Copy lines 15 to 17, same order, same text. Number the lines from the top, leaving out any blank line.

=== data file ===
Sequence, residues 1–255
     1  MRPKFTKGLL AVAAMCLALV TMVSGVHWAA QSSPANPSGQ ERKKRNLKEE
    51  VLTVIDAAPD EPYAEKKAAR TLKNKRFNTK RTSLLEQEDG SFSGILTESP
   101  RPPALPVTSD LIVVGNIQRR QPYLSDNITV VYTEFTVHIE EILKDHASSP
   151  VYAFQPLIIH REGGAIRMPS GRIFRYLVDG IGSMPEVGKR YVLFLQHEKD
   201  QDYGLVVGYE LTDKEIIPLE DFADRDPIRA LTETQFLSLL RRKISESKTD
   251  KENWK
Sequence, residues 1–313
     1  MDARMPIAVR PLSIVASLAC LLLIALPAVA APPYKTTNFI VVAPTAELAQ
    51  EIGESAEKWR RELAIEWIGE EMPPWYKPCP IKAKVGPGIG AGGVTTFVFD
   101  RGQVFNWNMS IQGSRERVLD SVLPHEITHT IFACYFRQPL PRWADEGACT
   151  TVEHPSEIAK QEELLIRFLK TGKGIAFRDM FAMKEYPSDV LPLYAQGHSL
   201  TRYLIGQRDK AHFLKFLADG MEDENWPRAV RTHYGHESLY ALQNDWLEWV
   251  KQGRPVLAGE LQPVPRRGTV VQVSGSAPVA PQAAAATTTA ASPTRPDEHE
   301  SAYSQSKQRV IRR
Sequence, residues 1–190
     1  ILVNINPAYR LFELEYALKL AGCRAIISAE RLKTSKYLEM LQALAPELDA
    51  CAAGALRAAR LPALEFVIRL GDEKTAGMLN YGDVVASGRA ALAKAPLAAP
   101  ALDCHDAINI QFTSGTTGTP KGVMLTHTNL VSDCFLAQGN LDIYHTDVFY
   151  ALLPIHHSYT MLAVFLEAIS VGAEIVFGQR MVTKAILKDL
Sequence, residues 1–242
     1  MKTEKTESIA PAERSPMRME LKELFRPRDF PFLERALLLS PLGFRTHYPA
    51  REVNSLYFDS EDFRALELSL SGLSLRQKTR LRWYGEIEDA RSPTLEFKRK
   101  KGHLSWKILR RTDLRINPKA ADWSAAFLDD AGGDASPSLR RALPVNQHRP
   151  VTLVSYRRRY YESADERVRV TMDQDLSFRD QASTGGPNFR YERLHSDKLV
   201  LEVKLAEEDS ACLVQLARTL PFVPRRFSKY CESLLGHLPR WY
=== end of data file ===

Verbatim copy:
   301  SAYSQSKQRV IRR
Sequence, residues 1–190
     1  ILVNINPAYR LFELEYALKL AGCRAIISAE RLKTSKYLEM LQALAPELDA